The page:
In previous episodes within this series, I’ve talked about core advisory professionals you need on your businesses sales team. However, you will also need more professionals who come into the sales “game” at the key moment of the sale of your business. So today, we’re going to talk about choosing a business broker, an M&A Advisor, or an investment banker.
A Broker, a Mergers & Acquisitions Advisor, and an Investment Banker can each facilitate business sale negotiations. Mostly, they initiate and mediate the interactions between the buyers and sellers. In fairness, each one provides a similar service. However, each has a different skill set that provides different advantages and disadvantages for particular buyers and sellers. So let’s identify the players, look at their skills sets, and decide which player you need for selling your particular company.
Also known as a business transfer agent, or intermediary, a business broker acts as a mediator between buyers and sellers.
“Essentially, he puts lipstick on the business to make it look pretty to attract a buyer.” – Justin GoodbreadClick to tweet
Typically, this broker serves smaller, local or regional “mom-and-pop” companies that gross less than five million dollars in yearly sales. According to the Exit Planning Institute (EPI), around five million companies fall into this small business category. Those companies usually sell for less than five million dollars and sell to individual buyers. For the most part, they also have less than one million dollars in EBITDA, or Earnings Before Interest, Tax, Depreciation, and Amortization.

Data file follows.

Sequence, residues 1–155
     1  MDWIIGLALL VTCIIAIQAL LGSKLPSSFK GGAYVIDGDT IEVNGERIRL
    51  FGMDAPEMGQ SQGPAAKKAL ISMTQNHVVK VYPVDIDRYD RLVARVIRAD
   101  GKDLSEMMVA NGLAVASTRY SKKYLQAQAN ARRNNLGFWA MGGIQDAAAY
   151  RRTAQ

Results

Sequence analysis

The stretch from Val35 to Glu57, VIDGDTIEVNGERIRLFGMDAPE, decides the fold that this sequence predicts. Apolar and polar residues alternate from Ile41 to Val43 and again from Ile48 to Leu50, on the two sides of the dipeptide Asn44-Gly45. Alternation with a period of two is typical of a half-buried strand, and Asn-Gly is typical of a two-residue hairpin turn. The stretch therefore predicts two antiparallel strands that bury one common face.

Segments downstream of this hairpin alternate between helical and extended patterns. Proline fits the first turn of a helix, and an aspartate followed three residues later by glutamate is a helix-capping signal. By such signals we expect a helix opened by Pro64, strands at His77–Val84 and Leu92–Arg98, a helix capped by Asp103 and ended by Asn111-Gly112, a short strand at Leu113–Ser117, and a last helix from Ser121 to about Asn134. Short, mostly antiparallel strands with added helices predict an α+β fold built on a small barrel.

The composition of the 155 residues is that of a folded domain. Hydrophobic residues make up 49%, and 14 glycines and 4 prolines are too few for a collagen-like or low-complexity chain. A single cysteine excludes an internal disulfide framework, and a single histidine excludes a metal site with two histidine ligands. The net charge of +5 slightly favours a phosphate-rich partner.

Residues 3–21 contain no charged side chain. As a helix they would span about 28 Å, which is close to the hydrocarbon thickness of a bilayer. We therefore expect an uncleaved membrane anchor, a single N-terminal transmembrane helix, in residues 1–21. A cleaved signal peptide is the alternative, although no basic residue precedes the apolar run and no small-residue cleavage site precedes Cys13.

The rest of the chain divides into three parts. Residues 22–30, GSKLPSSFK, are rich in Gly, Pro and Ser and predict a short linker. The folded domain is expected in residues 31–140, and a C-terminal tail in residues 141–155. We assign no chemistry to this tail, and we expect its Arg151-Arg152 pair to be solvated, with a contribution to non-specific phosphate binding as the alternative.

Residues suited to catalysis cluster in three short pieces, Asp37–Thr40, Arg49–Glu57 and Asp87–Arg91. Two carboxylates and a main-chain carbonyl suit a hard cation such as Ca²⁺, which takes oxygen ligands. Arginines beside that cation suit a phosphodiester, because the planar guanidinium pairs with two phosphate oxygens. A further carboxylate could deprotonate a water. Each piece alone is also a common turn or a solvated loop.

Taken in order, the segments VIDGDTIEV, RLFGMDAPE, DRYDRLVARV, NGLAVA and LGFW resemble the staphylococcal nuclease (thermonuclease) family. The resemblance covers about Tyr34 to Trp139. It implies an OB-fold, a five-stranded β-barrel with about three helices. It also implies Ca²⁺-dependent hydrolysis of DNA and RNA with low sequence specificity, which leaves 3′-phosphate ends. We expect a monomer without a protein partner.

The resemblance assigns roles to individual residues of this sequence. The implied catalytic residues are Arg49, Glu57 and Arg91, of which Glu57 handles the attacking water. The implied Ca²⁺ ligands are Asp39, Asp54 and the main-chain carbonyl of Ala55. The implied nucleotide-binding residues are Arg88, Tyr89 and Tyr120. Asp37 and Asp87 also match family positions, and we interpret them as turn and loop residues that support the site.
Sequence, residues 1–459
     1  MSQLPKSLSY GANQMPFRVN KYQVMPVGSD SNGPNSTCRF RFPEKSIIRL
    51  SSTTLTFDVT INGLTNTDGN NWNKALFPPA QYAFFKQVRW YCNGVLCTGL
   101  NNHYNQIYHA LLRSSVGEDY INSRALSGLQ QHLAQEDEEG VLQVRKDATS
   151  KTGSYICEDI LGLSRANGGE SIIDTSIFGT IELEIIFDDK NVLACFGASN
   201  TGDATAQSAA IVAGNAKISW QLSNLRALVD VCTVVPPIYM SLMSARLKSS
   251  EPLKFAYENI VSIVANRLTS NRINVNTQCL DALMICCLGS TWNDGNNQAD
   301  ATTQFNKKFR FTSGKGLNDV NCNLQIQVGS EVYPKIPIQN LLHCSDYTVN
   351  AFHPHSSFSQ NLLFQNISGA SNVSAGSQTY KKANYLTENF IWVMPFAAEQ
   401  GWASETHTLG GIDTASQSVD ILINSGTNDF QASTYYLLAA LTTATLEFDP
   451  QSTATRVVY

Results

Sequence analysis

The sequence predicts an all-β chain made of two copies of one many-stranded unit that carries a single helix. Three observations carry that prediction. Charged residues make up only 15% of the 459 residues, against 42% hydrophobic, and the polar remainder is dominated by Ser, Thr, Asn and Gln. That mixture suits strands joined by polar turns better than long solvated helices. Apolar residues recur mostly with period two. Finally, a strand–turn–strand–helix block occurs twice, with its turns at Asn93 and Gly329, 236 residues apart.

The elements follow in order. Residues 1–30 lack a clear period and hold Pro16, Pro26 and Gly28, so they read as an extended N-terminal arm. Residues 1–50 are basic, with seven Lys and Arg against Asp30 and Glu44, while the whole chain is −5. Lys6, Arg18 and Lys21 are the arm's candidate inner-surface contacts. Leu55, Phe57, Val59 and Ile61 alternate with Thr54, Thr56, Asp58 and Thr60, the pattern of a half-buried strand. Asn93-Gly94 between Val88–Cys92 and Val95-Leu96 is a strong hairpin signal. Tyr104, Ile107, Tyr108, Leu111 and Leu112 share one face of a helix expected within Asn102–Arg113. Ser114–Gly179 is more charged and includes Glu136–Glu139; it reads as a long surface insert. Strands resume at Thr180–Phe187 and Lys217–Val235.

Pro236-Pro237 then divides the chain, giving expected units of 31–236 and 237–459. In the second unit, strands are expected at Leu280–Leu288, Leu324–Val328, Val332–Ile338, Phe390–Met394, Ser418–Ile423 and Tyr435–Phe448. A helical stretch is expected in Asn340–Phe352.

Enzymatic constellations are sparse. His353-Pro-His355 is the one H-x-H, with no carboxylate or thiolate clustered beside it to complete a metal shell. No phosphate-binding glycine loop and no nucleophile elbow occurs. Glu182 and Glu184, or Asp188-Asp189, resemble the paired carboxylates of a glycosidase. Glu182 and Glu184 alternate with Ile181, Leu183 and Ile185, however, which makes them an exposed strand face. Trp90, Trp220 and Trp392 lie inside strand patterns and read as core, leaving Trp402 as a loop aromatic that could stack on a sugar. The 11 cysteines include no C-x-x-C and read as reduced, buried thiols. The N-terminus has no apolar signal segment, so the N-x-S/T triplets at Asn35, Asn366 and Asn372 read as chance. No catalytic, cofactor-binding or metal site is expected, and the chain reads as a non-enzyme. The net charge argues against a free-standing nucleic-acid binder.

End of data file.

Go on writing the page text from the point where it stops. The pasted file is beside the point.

Business brokers do not tend to charge sellers an upfront fee for services. If they have to clean up a huge mess to get the seller positioned to sell, however, they may charge an initial set-up fee. But most of the time, they don’t. Instead, they often charge a commission that funds and pays them at the time the business sells.
Additionally, the broker requires the seller to compile a multitude of materials to prepare for the sale. Those could include marketing materials used, past and present financial reports, or financial forecasts. In medical fields, a business broker might ask for total patient counts and demographics. Sellers may even have to list what types of procedures, services, or products they offer and how many they provide or sell on an average day. Although sellers will have to provide quite a bit of documentation to the broker, they don’t usually have to go to an accountant for help or additional compilations.